Hilliard's civil suit against Heather H. Ernst, the former deputy director of the city's recreation and parks department convicted of theft in office, is scheduled for trial Monday, Jan. 13, according to Franklin County Court of Common Pleas records.
"I think attorneys for both sides have been diligently working to resolve (the civil complaint)," said David Ball, director of communications for Hilliard. "Hopefully, what happens next is that both sides can come to a mutually acceptable resolution to this civil matter and that the city can continue moving forward."
She also still owes the city more than $100,000 in court-ordered restitution, Ball said.
Ernst, 49, was released Dec. 20 from the Ohio Reformatory for Women in Marysville, according to the Ohio Department of Rehabilitation and Correction.
She has "no post-release control" and is not on parole, said Sara French, deputy communications chief for the Ohio Department of Rehabilitation and Correction, ending the criminal case against her. The Ohio Department of Rehabilitation and Correction does not oversee compliance with court-ordered community service, French said.
Ernst entered a guilty plea Oct. 3, 2018, to one count of theft in office, a third-degree felony, and one count of attempted tampering with records, a fourth-degree felony.
She was sentenced to 12 months in prison Nov. 16, 2018, and began serving her sentence Jan, 2, 2019, according to records from the Ohio Department of Rehabilitation and Correction.
Judge David Cain had recommended three years of community service and that she be on post-release control, according to Franklin County Prosecutor Ron O'Brien.
However, for the "offense for which she was convicted, the PRC provision was not mandatory and is within the discretion of the parole authority whether or not it is required, and here that agency, for whatever good or bad reason, decided not to require PRC," O'Brien said.
Ernst also was ordered to pay restitution in the amount of $271,898, plus court costs of $268 for a total of $272,166, which prosecutors and Ernst's attorneys agreed upon as part of the settlement in the criminal trial.
However, in March 2018, Hilliard filed a civil lawsuit against Ernst – amended a few months later to include Ernst's husband, Moses, as a co-defendant – alleging that during the course of Ernst's employment with the city, the "defendants retained at least $541,000, depositing at least $270,000 into accounts owned or controlled by the defendants."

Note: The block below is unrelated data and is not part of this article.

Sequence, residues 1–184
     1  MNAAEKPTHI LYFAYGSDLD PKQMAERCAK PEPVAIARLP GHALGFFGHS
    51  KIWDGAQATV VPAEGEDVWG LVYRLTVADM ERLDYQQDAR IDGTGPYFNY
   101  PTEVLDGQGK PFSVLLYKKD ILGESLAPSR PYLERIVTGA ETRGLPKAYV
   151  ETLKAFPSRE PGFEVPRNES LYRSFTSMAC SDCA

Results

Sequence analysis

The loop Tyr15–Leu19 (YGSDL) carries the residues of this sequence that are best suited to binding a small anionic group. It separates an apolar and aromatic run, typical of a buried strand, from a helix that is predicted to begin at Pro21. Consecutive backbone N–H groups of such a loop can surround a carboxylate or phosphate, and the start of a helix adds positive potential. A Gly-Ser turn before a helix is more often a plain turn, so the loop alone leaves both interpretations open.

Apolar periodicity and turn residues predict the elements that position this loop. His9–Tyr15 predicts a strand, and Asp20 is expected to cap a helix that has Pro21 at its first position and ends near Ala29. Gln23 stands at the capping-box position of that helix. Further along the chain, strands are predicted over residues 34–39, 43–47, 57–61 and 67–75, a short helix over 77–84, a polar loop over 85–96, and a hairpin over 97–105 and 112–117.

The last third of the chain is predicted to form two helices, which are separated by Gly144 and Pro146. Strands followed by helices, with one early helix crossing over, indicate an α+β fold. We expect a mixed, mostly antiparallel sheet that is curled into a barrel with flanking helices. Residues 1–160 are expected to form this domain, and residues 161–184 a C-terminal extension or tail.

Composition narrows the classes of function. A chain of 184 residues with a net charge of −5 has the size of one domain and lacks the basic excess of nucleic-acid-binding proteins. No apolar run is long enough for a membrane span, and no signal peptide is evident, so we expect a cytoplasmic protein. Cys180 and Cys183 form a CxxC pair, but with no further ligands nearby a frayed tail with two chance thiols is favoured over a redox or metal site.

Court proceedings had determined 271,898 had been stolen for "lifestyle spending," as Jeff Blake, an assistant prosecutor for the Franklin County Prosecutor's Office, said during an Oct. 3, 2018, hearing.
But Ernst had been accused by Hilliard investigators of stealing more than $500,000 in daily admission fees from the city's two pool facilities from May 2013 to fall 2017,
Common-pleas court records show attorney Jeff Madison of the Lane Alton law firm represents the city as the plaintiff in the civil lawsuit. Attorney Jonathan Tyack of the Tyack Law Firm was listed as representing defendant Moses Ernst and attorney Joseph Edwards was representing co-defendant Heather Ernst.
However, Edwards said Jan. 7 he currently does not represent Heather Ernst in any capacity.
According to court records, Stephen Palmer withdrew as Heather Ernst's attorney in August 2019; Palmer and Edwards had represented her in her criminal trial.
ThisWeek left messages for Madison and Tyack on Jan. 7 but did not receive responses by press time.
Judge Jenifer French is assigned to the civil trial, per court records.
A recently released forensic audit of Hilliard's finances dating back to 1996 revealed "negative anomalies" in the millions of dollars over the past two decades, according to city officials.
The audit provided a closer look at the amount of money believed stolen by Ernst; an initial audit was focused on business and accounting practices and provided recommendations for improving financial controls, he said.
The forensic audit, the results of which were released Oct. 28, was the second performed by the Schneider Downs firm, Ball said.
As of Jan. 3, Ernst still owed the city $109,813.90 in restitution, Ball said.
The city received a payment from Ernst in late 2018, in the amount of $162,082, a forfeiture of her Ohio Public Employees Retirement System fund, Ball said. One other small payment of $2.51 was made in August 2019, per court documents.
At the time of her resignation in late 2017, Ernst was being paid an annual salary of $88,281 and had benefits valued at $43,155, according to the city of Hilliard.